Innovation is often based on advancements of existing materials, which means it relies largely on current production capabilities. For European producers of chemicals and other materials, that presents a challenge. Over the last two decades across almost all material classes, Europe’s share of global markets has declined—much of this being lost to China. This is not just a result of having a reduced share of global GDP as reductions in market share have significantly outpaced the loss of GDP share. (Figure 2) This indicates that the European industry could find itself with relatively less manufacturing capacity to draw on in the race to take advantage of innovative materials.
The good news for Europe is startups, which are playing a significant role in the development of the new materials landscape. Europe has a sizable base of such startups, which have brought investments in fields such as composites, bio-based materials and sensors. These startups represent a growing pool of talent, knowledge and capabilities—and companies can consider collaborating with them to achieve breakthrough innovation. Furthermore, both companies and governments should work to provide environments that foster startups in order to strengthen the region’s ability to produce new materials.
At the same time, European companies can strengthen their digital core by drawing on today’s increasingly powerful “science technology,” or science tech. Science tech draws on cloud, data, analytics, artificial intelligence and automation to enable virtual experimentation with new materials, bringing greater speed and better targeting to innovation, compared to traditional physical experiments. An Accenture analysis of priority materials-related patents shows that filings based on “traditional” approaches in fields such as steel, cement, glass and so forth declined or grew only slightly in the past few years. At the same time, those involving disruptive innovations derived through computational chemistry—a type of science tech—had a notable increase.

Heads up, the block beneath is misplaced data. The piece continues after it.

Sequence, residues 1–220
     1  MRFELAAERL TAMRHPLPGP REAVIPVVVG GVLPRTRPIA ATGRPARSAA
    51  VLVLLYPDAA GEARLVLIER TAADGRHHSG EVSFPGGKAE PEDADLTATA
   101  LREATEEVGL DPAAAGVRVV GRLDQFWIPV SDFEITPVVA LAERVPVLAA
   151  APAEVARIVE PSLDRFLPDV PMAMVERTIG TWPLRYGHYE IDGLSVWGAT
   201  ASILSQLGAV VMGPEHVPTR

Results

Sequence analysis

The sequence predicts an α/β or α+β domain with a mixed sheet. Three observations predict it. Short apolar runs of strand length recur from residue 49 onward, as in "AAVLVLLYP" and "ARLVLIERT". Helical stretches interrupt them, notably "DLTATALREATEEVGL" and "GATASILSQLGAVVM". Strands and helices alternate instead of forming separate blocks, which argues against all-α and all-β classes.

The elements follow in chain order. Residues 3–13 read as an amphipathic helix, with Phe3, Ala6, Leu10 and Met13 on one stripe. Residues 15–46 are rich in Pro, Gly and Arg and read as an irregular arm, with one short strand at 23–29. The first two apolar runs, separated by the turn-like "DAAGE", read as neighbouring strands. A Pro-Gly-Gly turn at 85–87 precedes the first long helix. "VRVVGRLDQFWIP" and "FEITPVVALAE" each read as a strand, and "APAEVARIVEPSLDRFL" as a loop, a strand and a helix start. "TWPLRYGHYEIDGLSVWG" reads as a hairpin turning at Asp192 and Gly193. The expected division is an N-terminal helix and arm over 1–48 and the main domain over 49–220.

To make the shift to the next generation of materials, the industry, companies and governments all need to make innovation in materials a priority, and pursue several key actions:
The materials revolution is already underway, and success will require chemical and other material manufacturers to rethink many established practices. In Europe and across the global materials industry, companies can start now to build the capabilities, ecosystems and industrial assets that will enable them to accelerate and expand innovation and thrive in the coming era of growth.
Special thanks to Accenture’s Dr. Ruben De Pauw, Ashish Kumar Gulgulia, Ganesh Patro, Dr. Karin Walczyk and Sari Wempe for their contributions to this research study.
1Accenture Research analysis of global patent landscape, including 160,000+ priority filings for selected 10 material groups; based on DerwentInnovation™, Clarivate © 2022, company and institute filings only, excluding utility model.